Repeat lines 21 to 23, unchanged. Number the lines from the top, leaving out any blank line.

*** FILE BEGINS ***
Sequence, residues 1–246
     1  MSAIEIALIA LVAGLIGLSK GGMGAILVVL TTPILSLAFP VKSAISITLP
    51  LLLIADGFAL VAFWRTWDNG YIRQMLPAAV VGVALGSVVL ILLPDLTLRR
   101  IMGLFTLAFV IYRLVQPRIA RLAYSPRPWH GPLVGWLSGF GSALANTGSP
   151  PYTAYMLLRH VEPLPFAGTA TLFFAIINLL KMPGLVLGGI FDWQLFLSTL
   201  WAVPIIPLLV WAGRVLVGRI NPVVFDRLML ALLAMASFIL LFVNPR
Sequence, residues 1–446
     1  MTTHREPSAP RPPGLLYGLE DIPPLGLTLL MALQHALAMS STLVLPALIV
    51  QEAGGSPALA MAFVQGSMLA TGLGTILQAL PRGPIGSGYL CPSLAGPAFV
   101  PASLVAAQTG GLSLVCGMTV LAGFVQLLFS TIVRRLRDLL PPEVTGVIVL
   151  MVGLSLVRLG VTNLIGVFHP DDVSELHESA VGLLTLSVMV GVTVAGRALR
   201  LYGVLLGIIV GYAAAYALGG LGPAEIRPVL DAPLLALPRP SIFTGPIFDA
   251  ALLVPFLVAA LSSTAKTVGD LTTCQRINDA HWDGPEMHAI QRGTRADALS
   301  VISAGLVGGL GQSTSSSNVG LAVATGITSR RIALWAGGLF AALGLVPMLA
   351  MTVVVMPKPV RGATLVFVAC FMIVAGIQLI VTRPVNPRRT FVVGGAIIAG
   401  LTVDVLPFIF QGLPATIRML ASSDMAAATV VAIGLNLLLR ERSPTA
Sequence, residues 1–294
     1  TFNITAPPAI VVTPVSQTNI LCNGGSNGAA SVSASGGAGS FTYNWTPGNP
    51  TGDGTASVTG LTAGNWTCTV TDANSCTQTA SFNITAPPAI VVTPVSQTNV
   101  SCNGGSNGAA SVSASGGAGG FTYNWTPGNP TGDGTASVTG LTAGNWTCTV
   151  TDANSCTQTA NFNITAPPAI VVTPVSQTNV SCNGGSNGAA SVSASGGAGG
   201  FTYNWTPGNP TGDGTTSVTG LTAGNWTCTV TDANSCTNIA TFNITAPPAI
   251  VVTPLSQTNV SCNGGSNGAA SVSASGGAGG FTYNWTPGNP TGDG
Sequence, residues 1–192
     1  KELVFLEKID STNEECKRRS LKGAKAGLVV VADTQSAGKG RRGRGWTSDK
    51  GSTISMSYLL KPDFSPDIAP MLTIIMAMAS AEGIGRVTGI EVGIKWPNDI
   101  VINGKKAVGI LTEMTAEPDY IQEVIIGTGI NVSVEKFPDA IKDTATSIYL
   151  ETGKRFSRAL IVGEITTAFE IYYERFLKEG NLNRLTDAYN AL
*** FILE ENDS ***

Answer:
   151  TDANSCTQTA NFNITAPPAI VVTPVSQTNV SCNGGSNGAA SVSASGGAGG
   201  FTYNWTPGNP TGDGTTSVTG LTAGNWTCTV TDANSCTNIA TFNITAPPAI
   251  VVTPLSQTNV SCNGGSNGAA SVSASGGAGG FTYNWTPGNP TGDG